The mood in the state Capitol seems refreshingly a bit different, yet disturbingly all too the same.

I noticed the difference during a trip last week to talk with Legislative leadership and representatives of the governor’s office about our local economic development agenda.

On the positive side, I noticed how everyone we talked with seemed to be actually listening, not just being polite. Their attention seemed to be driven by a new respect for Unshackle Upstate, perhaps even a bit of what might be described as “fear” about the impact of our Judgment Day campaign and Scorecard on voter sentiment in the November elections.

That’s all good, because it’s important to remind our elected officials that they work for us, the taxpayers, and that they need to listen to all of us, not just select groups. As voters, we get to choose who we sent to Albany to represent us. The point of Judgment Day is that those legislators who don’t understand the problems caused by New York’s high taxes and stifling business regulations, and aren’t willing to support and work for change, simply don’t deserve – and shouldn’t receive – our votes.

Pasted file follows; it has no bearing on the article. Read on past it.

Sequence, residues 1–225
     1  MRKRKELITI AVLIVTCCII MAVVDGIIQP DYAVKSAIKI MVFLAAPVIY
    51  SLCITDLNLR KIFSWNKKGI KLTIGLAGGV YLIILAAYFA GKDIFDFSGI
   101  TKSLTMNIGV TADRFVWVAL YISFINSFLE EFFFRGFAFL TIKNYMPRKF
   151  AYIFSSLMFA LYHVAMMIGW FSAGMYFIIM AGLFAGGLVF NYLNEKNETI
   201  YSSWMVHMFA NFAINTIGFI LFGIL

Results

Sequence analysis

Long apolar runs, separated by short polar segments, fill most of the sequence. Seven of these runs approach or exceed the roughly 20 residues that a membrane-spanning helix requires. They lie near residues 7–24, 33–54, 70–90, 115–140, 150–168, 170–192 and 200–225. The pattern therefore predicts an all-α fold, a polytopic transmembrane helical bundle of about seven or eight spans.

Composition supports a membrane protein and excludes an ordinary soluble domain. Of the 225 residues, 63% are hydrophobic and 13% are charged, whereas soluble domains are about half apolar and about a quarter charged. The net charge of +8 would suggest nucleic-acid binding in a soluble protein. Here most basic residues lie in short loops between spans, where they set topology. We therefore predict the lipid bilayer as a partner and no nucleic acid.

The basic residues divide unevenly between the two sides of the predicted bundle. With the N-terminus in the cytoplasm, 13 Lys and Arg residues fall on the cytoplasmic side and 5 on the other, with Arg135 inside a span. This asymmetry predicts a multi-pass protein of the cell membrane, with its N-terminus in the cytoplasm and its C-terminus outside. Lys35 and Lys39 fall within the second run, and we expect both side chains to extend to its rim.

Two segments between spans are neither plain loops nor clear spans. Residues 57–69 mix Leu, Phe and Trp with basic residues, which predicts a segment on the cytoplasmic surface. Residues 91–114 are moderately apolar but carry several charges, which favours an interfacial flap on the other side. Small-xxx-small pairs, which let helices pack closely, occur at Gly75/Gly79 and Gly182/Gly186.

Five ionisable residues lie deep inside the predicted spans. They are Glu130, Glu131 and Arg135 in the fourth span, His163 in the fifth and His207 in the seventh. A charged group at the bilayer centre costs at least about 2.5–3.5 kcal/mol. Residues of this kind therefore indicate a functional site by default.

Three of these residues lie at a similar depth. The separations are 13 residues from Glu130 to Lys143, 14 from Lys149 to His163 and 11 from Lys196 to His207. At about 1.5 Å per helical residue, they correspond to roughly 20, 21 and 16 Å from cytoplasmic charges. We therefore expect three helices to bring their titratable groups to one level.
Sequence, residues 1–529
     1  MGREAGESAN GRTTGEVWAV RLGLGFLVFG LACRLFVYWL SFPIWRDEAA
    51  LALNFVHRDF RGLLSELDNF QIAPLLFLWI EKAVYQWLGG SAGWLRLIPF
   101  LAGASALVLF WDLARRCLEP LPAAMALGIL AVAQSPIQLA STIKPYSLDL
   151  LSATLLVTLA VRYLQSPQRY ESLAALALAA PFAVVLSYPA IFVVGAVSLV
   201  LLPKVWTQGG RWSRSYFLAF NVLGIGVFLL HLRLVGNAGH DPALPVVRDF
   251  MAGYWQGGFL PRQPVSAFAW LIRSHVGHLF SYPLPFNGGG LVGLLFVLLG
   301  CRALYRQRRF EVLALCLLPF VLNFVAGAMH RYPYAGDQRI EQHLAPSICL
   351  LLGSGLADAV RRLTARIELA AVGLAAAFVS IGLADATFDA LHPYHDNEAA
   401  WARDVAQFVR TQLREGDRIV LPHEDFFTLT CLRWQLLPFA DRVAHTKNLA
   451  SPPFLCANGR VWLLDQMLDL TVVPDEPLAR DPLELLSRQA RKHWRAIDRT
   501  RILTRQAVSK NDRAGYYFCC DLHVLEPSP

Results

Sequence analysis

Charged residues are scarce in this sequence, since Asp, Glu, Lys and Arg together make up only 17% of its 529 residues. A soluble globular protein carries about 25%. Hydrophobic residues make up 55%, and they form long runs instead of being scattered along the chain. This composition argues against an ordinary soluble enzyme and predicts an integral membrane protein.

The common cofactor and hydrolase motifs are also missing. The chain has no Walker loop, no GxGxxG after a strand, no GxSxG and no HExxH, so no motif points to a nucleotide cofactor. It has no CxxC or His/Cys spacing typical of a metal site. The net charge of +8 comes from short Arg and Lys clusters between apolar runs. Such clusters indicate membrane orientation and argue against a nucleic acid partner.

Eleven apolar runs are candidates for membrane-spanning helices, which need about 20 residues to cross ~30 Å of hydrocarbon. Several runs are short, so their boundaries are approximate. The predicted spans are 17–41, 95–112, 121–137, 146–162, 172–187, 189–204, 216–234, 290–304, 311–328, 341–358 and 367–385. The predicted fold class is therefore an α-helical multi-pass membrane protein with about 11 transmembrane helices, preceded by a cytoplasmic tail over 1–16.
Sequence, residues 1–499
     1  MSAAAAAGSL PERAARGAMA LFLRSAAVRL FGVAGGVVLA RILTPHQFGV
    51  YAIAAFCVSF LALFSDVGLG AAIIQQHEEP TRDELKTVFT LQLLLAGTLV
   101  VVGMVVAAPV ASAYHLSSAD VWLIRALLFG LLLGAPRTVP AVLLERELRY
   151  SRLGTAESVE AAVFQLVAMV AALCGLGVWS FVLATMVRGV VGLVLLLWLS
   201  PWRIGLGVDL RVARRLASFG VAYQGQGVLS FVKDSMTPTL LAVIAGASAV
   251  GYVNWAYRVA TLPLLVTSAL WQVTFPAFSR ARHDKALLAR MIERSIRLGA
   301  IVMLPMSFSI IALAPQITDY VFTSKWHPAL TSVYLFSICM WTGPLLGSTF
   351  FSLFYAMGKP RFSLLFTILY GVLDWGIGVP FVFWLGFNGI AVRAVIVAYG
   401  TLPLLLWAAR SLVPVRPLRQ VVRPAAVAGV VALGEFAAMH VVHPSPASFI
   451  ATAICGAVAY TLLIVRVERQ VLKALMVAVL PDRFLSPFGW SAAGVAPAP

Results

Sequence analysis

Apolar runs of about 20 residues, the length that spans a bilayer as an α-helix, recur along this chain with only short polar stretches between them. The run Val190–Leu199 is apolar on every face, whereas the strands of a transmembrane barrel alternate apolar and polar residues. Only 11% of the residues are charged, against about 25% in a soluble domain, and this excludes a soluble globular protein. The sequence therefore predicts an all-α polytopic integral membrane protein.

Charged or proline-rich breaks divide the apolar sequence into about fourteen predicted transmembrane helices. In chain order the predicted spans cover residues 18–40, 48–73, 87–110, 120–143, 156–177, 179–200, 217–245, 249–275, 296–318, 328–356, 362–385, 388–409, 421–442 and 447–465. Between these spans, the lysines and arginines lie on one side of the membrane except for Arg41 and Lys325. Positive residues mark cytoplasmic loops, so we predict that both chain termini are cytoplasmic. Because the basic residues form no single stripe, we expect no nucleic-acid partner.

Also good, I heard realistic dialog about the state’s financial problems. In the past, folks at the Capitol paid lip service to the ever-growing budget gap, typically downplaying it and the consequences of state government’s tax-and-spend philosophy. This time, the message seems to have hit home. From Legislative leadership to the executive branch and all points in between, everyone said closing the 2010 budget gap will be difficult and painful.

Unfortunately, the talk stopped there. And that’s what I find disturbing. Sure, they’re kicking around cuts and the usual new taxes and one-shot revenue enhancers to get through this budget cycle.

But no one we spoke with seemed to have the interest or the willingness or feel the obligation to fight for systemic changes that would result in long-term savings for the state, such as reexamining public employee contracts, furloughing state workers (something the private sector has been doing for two years to trim costs), overhauling the Medicaid system, or holding overall state spending absolutely flat.

That simply has to change – immediately. Because the taxpayers of New York simply can’t take it anymore. They, we, deserve better.

And that is what Judgment Day is all about.